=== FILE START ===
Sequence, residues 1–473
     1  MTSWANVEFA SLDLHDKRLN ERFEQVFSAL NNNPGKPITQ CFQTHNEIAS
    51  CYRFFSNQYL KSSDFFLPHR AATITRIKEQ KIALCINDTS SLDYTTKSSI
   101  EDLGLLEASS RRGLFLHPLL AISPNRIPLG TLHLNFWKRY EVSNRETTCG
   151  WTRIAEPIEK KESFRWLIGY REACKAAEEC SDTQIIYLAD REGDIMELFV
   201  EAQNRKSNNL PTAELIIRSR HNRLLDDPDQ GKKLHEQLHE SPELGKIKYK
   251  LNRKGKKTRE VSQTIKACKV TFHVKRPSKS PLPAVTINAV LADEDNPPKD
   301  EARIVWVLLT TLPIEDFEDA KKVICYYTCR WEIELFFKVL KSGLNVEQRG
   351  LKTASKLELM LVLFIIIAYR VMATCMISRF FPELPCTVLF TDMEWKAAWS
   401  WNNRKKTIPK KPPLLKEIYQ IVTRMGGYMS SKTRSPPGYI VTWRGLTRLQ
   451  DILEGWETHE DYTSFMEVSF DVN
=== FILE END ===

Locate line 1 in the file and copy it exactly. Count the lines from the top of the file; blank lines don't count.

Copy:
Sequence, residues 1–473